“A stitch in time saves nine” – Francis Baily, English Astronomer, 1797

Much is heard daily, of new scientific and medical advances. All are important but oft times there is no further talk of them, they are replaced by new information or are years away from practical application. As our year winds down and we celebrate and look to a new year, let us review some recent information that can serve us all.

Keeping in mind, if we are advancing in birthdays, we are surviving. In regards to health that means we are staying well. The data reveals to us that between the ages of 15 and 35, injury leads the major causes of demise. From 35 to 65 years of age cancer is the leading cause, followed by cardiovascular disease. After 65, cardiovascular disease takes first place in years lost.

If we examine cancer, in Women the number one diagnosed cancer is breast, however it is in second place as cause of premature death. The top five causes of premature cancer deaths in women in 2015 are, in order: lung, breast, colon, pancreas and ovary.

For Men the most diagnosed cancer is prostate, however the top five causes of premature cancer death in men in 2015 are, in order: lung, prostate, colon, pancreas and liver.

All of these conditions can be minimized by lifestyle, knowing your family medical history and early detection through appropriate screening.

Let’s review some notable clinical medical news of the past year:

Screening for Lung Cancer: The National Lung Screening Trial including 50,000 patients at 33 centers showed a 20% reduction in lung cancer mortality by getting a low dose CT scan of the chest as regular screening for adults 55-80 years of age who have smoked the equivalent of a pack of cigarettes daily for 30 years, even if they have quit in the last 15 years.

Updated Screening Recommendations for Breast Cancer: The American Cancer Society has recently revised their advice for screening mammograms in average risk individuals. This currently has created a lack of cohesion on the part of treating physicians on fully accepting the latest recommendation. They now state that women should start getting mammograms at 45 years of age annually until 55 and then every other year. They state women should have the option to begin screening at 40, as has been the case for years. Women at high risk for breast cancer such as a positive family history or an early history of cancer in the family must speak with their doctors regarding appropriate screening procedures specific to their individual case. The chair of the guideline panel stated “These recommendations are made with the intent of maximizing reductions in breast cancer mortality…while being attentive to the need to minimize harm associated with screening.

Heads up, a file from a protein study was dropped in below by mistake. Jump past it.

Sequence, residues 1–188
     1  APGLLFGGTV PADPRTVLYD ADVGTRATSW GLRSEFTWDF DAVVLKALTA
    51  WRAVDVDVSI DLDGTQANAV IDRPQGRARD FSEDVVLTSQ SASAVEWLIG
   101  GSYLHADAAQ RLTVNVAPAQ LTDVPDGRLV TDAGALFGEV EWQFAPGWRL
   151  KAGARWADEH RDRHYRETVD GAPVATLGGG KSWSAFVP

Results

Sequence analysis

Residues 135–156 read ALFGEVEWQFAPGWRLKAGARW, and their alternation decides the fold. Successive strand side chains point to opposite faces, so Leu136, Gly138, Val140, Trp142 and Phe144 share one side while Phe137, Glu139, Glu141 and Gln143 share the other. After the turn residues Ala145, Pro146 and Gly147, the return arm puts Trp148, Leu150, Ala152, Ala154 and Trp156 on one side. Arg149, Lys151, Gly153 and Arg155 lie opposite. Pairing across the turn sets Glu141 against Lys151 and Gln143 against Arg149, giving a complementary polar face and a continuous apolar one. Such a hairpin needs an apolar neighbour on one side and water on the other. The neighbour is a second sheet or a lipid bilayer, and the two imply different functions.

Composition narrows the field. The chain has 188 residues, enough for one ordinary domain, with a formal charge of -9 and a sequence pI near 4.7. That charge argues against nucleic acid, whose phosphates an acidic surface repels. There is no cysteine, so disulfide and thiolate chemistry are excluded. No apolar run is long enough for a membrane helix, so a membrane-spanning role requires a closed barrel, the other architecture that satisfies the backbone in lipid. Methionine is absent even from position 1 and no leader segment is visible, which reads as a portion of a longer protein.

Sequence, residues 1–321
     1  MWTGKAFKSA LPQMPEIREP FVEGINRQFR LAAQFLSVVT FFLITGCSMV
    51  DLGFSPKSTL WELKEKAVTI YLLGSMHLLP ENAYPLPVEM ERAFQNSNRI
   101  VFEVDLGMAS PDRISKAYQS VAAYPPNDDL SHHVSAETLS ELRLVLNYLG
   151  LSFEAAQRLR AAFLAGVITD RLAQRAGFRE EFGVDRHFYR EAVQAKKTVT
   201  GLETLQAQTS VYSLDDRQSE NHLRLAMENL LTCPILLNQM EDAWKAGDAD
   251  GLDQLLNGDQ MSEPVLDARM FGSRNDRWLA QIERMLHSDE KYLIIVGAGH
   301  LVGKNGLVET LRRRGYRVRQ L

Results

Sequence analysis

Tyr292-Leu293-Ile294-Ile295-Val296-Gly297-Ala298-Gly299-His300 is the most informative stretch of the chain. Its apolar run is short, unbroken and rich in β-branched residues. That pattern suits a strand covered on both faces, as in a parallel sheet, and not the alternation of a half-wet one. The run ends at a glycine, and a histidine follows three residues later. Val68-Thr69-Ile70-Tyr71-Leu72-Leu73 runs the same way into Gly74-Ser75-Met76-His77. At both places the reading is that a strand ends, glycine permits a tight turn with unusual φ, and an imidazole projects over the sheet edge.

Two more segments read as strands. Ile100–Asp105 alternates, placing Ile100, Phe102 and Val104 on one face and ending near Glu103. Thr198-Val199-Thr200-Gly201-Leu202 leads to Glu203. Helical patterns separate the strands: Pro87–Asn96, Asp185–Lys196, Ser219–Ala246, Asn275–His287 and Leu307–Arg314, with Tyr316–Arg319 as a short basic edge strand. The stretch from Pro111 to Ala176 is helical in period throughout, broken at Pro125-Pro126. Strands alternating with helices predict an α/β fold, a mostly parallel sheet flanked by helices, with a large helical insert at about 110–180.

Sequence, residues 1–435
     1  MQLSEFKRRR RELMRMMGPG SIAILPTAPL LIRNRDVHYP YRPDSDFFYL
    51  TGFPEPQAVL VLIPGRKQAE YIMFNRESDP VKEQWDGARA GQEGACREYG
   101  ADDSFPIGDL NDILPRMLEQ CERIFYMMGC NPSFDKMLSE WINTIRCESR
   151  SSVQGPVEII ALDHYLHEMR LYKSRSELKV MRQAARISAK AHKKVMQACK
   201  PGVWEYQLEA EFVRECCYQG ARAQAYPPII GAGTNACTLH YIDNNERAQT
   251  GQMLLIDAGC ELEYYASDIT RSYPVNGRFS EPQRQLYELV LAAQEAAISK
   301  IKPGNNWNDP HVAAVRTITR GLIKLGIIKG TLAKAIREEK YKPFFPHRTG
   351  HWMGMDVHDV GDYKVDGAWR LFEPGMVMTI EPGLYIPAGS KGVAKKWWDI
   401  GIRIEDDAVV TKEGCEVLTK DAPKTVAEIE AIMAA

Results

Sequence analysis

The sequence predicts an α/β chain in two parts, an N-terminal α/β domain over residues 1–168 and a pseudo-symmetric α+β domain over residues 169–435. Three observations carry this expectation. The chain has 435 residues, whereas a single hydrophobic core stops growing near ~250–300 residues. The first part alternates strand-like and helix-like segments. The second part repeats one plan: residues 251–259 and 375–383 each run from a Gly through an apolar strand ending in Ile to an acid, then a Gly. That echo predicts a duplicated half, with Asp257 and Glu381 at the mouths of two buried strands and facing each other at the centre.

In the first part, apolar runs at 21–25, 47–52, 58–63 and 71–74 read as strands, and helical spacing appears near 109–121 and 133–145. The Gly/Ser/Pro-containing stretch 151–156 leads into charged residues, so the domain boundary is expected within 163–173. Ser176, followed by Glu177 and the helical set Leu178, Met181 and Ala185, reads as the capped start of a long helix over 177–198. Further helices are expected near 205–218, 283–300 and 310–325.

Dose of Jogging and Long Term Mortality: A Journal of the American College of Cardiology study evaluated 1100 healthy joggers and 4000 healthy non joggers to assess intensity of activity to risk of death. The lowest mortality was found in light joggers (1-2.5 hours weekly) with strenuous joggers being found to have no greater benefit than sedentary non joggers. Take home point is moderation is the key here.

Cologuard: is a non invasive screening stool test for colon cancer. It is indicated for average risk individuals 50 years or older. It is a stool collection test found to be more sensitive than the routine stool screening. It uses DNA technology to test for precancerous and cancerous cells in the stool. It however, does not replace the physical exam or the need for colonoscopy. The test is covered by some insurances and is not inexpensive. Speak with your doctor regarding your individual case.

Abdominal Aortic Aneurysm Screening: It is indicated that people between 65 and 75 who have ever smoked, should get a one-time ultrasound of the abdominal aorta. Anyone 60 or older with a family history of aneurysm should undergo physical exam and ultrasound screening, as well. It is common that CT scans and other ultrasounds previously done on the patient have already analyzed the aorta. Discuss your specific case with your doctor.

The Mediterranean Diet Reveals More: Researchers at Columbia University reveal in the October edition of Neurology results that individuals following a Mediterranean diet rich in vegetables, legumes, fruit, whole grains, olive oil and mild use of alcohol had larger brain volume than the similar group who did not follow the diet. The addition of fish in place of meat was additionally beneficial. The researchers stated “… a diet containing relatively less meat and perhaps more fish is good…the results are tentative, but it’s the strongest preventive approach we have promoting brain health together with exercise.

And we leave you with the findings of the US Preventive Services Task Force suggesting that “high blood pressure readings in the doctor’s office be confirmed by home or ambulatory blood pressure monitoring before committing to long term blood pressure medication.” This too is case specific and merits discussion with the doctor.

Enjoy the rest of the year and the holidays.

Be Well,

Dr. Rick Levine